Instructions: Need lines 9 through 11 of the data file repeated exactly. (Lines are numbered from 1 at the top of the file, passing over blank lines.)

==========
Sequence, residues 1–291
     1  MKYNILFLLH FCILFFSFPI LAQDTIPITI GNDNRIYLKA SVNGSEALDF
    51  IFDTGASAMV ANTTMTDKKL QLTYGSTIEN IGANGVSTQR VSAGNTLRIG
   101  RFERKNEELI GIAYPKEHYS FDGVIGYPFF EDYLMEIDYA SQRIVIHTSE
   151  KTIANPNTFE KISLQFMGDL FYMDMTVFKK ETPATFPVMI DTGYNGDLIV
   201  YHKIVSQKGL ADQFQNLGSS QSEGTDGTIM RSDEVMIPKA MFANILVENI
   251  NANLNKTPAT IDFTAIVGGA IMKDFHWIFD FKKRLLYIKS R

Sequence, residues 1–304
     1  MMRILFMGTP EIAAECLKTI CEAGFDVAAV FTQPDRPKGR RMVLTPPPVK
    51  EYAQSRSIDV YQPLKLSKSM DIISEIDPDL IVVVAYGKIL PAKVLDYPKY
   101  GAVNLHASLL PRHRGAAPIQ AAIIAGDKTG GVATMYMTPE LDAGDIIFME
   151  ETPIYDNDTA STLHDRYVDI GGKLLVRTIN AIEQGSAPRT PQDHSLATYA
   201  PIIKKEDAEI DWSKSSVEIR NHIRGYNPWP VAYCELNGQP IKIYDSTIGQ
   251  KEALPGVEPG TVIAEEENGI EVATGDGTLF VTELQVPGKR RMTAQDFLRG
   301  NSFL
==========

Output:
     1  MMRILFMGTP EIAAECLKTI CEAGFDVAAV FTQPDRPKGR RMVLTPPPVK
    51  EYAQSRSIDV YQPLKLSKSM DIISEIDPDL IVVVAYGKIL PAKVLDYPKY
   101  GAVNLHASLL PRHRGAAPIQ AAIIAGDKTG GVATMYMTPE LDAGDIIFME